If you have ever found yourself bumping an elbow while cleaning your teeth or getting in your partner’s way when making a cup of tea then you may be living in a home that most of our European neighbours would think of as too small. As land values have soared alongside increased demand for new housing we have seen ever-shrinking property sizes in the UK.
A recent survey by the Royal Institute of British Architects (RIBA) discovered that the average size of a new one-bedroom home is just 46 sqm, which is about the same size as a London Underground train carriage. This figure is 4 sqm below the minimum recommended size under recently agreed London standards for a comfortable one-bedroom flat, with some homes from the big developers coming in at just 41 sqm. The shortfall in size may sound small in real terms, but, as RIBA point out, 4sqm would be enough space for a single bed with dressing table, or a sofa, a desk and a chair.
New family homes don’t fare much better, with the average three-bedroom property coming in at 88 sqm. This is 8 sqm short of the recommended space needed, which would be enough space for another single bedroom. The figures look negligible when buying off-plan or when looking through estate agents’ brochures, but they can make a real difference to your home life, influencing anything from how many mates you can get round for an evening in to how large a family you can have in that home. Storage is another factor to consider, with many new homes shoehorning bedrooms into what may have been storage space in a previous era, or leaving you with awkwardly-shaped rooms. It is hard to think about interior design when you barely have enough room for your possessions.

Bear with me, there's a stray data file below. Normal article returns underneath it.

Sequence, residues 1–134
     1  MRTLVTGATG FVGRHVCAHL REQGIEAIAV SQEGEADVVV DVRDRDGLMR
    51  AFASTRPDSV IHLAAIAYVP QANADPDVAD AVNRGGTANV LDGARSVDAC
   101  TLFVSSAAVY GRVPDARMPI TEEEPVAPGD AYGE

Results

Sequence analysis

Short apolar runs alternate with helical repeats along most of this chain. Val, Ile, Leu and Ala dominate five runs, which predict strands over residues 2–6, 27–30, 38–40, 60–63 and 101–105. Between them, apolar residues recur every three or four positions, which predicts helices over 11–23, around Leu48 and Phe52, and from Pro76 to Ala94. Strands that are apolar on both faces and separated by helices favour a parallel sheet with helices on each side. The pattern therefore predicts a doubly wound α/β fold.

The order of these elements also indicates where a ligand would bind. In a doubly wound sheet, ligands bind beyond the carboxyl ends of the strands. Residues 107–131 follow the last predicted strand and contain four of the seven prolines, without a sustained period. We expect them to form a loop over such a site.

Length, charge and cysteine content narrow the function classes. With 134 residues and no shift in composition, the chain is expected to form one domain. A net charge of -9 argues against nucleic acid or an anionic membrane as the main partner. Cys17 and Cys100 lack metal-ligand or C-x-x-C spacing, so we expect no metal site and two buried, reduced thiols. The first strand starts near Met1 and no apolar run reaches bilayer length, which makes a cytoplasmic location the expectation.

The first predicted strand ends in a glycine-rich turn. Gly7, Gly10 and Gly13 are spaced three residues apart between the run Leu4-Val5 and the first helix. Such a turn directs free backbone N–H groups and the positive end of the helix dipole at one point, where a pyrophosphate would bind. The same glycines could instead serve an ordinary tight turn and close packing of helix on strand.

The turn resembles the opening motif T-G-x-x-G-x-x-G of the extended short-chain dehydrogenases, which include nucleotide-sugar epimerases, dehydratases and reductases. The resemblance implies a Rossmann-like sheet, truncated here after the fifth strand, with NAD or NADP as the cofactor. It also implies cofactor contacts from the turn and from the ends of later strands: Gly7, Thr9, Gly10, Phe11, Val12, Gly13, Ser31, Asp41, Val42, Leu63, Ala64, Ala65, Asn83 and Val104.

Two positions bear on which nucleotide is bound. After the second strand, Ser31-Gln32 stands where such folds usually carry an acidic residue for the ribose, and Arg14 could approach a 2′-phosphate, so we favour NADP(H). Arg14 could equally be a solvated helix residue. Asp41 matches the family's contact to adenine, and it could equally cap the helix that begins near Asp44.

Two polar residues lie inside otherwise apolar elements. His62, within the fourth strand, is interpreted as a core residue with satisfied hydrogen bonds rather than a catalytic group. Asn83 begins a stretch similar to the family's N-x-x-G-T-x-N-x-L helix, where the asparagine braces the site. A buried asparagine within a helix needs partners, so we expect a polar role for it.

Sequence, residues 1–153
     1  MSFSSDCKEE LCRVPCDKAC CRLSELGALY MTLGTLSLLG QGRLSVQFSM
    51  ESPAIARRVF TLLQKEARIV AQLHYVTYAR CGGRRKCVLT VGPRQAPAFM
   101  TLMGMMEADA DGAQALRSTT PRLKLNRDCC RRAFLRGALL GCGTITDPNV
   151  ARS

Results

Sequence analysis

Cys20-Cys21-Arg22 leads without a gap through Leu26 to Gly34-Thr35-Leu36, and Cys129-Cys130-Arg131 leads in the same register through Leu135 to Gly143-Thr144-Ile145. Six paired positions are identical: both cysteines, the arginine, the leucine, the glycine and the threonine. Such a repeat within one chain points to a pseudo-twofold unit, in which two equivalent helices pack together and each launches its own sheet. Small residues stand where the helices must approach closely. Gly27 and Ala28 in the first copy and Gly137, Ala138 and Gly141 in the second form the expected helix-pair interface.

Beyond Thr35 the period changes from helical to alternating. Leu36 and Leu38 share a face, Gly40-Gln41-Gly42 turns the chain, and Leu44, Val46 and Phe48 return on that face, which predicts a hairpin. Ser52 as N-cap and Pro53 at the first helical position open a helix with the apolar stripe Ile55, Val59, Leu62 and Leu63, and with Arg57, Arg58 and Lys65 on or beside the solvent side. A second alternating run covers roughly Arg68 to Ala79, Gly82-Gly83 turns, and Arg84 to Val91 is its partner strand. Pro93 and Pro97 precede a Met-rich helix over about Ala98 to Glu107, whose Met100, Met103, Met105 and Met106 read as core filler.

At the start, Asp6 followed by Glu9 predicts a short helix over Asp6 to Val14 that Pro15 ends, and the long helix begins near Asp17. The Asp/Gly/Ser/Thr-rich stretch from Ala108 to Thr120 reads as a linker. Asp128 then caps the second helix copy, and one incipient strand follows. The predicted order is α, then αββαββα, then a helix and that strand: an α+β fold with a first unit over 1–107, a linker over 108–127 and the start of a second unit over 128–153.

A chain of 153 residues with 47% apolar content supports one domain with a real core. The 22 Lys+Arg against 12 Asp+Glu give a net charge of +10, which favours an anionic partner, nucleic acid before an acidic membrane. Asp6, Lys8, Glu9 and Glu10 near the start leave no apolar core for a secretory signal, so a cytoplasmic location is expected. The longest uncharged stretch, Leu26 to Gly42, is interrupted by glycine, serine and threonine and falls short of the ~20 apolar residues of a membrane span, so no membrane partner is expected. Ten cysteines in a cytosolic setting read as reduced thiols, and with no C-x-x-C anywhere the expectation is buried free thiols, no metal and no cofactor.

Of course, something has to give in the race to find affordable homes for a growing population, but RIBA argue that space should not be it and are backing a campaign for national legal guidelines on minimum sizes for homes across the UK. We now have the smallest new homes in Western Europe, with flats heading for the sizes more commonly seen in Tokyo and Manhattan.
To drive the message home, RIBA have created an online test so that homeowners and potential homeowners can find out how their accommodation fares. It certainly makes for a handy guide when browsing property online and how a new home may work. This is certainly a tool that should be at the fingertips of those who wish to take advantage of the Government’s new Help To Buy mortgage schemes for new homes. After all, you may be waiting for something a tad smaller (and possibly older) in an area you can afford rather than going for something that could be seen as restrictively small in years to come.